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To take a briefcase from Hong Kong to Mexico City, via Los Angeles, is it necessary to call on that man - Bolt? With the number of dangerous spies and gangsters who are after that briefcase, maybe Jefferson Bolt is not enough.
David Lowell Rich
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Duke Johnson visits a small Southern town, intent on burying his brother. After the funeral, he learns that he must stay for 60 days, for the estate to be processed. A few locals convince Duke to reopen his late brother's nightclub, and soon the local redneck policemen are intimidating Duke with threats of violence. Duke refuses to pay the bribes they demand, so then he and his lady friend Aretha are threatened and attacked by the crooked cops. Rather than take them on himself, Duke calls on his old pal Roy. Roy brings a few buddies to Bucktown, and they bring justice to the small town. With the redneck cops out of the way, Duke lets his guard down. Then the situation gets out of hand again. Finally, Duke must settle the score himself. Written by
Dean Johnson (Fred Williamson) came to Bucktown to bury his murdered brother. Dean is forced to stay in Bucktown for two months, because of his brother's will. Now Dean works on his late brother's bar, he becomes friends with a foxy lady named Aretha (Pam Grier) but he has to deal with a sleazy police force led by Chief Patterson (Art Lund) and his men. When Dean calls his best friend Roy (Thalmus Rasulala) to clean up the mess in Bucktown with the help of Roy's men. The clean up is successful and getting rid of these sleazy cops but it ain't easy. Dean slowly realized that Roy and his men are the same of the previous corrupt cops. They want money from any business in town. Now Dean becomes a one-man army to get rid of Roy and his men.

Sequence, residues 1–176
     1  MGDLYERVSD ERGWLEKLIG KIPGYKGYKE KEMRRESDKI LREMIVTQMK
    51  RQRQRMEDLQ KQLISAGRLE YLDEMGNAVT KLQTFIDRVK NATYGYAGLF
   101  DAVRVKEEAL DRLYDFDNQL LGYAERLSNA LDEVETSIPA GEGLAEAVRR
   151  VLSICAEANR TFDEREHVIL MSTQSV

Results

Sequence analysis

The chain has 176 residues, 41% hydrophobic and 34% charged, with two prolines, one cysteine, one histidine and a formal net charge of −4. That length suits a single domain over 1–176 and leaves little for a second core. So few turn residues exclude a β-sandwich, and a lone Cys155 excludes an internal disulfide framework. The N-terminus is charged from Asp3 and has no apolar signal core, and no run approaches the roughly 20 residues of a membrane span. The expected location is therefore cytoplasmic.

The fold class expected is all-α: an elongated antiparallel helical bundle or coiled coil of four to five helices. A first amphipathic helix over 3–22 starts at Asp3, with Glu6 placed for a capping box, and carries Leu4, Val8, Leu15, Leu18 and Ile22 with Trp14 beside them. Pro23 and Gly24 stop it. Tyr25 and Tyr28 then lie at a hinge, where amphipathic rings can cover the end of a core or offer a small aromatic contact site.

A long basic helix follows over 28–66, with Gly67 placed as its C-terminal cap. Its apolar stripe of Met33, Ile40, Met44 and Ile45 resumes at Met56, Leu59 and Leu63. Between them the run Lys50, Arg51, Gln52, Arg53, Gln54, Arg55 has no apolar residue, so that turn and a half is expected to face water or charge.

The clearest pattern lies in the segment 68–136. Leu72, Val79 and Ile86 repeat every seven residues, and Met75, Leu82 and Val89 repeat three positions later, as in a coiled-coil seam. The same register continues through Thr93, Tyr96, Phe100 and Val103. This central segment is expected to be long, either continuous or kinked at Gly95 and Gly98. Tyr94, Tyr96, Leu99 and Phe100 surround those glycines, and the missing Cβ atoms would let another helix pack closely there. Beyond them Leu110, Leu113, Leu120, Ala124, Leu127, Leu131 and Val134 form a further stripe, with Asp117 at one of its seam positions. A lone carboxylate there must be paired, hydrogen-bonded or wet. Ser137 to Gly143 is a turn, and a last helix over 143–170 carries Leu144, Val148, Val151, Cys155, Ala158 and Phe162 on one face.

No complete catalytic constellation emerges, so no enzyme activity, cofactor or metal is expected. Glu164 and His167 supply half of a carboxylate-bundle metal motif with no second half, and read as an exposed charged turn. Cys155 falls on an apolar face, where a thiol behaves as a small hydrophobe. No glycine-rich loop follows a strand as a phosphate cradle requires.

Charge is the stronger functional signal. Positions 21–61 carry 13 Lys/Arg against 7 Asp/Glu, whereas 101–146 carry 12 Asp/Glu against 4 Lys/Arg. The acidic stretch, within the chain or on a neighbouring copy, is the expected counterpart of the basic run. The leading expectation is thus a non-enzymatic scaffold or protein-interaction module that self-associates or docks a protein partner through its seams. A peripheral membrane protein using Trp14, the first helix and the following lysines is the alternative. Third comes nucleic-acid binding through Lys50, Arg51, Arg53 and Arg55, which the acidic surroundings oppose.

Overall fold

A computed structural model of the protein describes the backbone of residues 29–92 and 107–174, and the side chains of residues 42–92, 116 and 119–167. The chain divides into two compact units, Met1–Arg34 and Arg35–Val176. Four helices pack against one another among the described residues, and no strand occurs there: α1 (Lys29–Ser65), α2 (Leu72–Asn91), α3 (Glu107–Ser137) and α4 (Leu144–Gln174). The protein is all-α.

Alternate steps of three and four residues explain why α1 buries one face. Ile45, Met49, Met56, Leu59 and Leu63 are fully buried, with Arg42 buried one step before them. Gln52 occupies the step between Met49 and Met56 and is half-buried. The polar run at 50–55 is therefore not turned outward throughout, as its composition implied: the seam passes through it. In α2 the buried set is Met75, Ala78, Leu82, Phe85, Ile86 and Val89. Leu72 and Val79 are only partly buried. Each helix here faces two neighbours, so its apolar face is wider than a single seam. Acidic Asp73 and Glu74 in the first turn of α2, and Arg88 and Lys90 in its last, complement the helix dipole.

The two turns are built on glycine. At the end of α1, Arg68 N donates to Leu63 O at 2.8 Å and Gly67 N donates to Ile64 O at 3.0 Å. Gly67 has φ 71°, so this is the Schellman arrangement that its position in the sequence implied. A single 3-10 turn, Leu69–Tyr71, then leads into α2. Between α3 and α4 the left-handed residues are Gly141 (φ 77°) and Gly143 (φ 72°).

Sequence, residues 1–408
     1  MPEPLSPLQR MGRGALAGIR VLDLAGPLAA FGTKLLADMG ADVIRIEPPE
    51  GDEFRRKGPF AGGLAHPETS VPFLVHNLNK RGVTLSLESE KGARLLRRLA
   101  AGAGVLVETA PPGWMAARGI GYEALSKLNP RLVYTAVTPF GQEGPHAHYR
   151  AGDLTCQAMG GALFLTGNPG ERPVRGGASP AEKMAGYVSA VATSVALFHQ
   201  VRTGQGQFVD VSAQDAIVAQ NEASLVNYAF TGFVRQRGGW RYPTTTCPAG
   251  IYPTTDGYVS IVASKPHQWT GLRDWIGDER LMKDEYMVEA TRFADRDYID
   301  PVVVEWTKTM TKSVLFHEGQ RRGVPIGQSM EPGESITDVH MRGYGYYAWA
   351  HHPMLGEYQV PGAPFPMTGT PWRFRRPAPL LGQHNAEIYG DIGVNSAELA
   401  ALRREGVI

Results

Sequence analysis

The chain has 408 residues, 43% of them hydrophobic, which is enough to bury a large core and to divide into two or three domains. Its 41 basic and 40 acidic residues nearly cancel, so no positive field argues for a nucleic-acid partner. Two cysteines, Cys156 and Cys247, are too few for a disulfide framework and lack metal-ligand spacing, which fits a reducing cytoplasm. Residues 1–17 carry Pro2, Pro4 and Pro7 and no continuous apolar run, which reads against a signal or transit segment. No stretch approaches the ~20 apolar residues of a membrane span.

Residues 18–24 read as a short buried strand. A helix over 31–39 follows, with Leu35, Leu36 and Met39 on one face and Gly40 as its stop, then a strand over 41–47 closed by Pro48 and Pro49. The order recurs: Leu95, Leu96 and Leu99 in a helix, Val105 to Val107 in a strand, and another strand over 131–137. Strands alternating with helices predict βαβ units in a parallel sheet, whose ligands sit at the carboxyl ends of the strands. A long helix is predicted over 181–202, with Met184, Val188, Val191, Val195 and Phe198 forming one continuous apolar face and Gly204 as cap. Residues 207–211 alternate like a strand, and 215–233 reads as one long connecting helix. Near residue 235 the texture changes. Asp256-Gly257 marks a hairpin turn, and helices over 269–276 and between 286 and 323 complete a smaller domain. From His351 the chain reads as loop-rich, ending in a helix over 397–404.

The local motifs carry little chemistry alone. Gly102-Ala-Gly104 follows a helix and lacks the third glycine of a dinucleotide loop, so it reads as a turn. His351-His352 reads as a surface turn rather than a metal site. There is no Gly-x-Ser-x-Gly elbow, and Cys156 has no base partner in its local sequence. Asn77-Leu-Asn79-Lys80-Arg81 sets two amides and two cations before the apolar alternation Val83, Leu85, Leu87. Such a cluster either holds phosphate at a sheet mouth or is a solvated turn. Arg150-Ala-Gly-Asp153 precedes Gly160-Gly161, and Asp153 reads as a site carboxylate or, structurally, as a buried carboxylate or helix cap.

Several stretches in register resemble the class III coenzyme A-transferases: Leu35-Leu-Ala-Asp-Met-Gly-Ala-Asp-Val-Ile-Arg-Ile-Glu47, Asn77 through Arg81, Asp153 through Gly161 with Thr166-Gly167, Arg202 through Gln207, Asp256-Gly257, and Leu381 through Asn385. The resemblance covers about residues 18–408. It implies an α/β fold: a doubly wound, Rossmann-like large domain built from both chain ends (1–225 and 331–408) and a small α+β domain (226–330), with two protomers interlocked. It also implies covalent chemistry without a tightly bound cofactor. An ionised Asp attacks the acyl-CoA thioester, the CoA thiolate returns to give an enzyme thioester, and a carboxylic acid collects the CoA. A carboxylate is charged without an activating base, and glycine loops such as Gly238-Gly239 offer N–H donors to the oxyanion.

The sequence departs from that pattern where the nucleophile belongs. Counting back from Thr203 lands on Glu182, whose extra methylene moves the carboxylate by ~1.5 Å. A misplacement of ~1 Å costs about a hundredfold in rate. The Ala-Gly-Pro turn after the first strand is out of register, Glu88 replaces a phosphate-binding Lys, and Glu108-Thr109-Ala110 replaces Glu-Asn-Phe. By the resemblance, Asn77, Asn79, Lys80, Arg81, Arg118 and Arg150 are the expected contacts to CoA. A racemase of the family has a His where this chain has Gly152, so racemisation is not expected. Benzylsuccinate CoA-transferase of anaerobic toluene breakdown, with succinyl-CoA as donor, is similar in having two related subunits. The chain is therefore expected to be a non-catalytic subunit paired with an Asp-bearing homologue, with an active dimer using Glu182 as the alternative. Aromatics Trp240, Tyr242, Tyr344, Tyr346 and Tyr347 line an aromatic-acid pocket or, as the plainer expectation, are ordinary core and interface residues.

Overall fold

Directed by Arthur Marks (Detroit 9000, Friday Foster, J.D.'s Revenge) made an entertaining, action movie with some good laughs. Williamson is fun to watch as the lead hero. Grier is fine as Dean's girlfriend. Rasulala and Lund are strong in supporting roles. It is nice to Carl Weathers as one of Roy's tough guys in a small role.
DVD has an good anamorphic Widescreen (1.85:1) transfer and an OK Dolby 2.0 Mono Sound. The DVD's only extra is the original theatrical trailer. "Bucktown" does have some good moments, some of the dialogue are extremely funny but the movie becomes laughable at times and forced at times. Despite some flaws, It's a fun "Soul Cinema" feature. (*** ½/*****).
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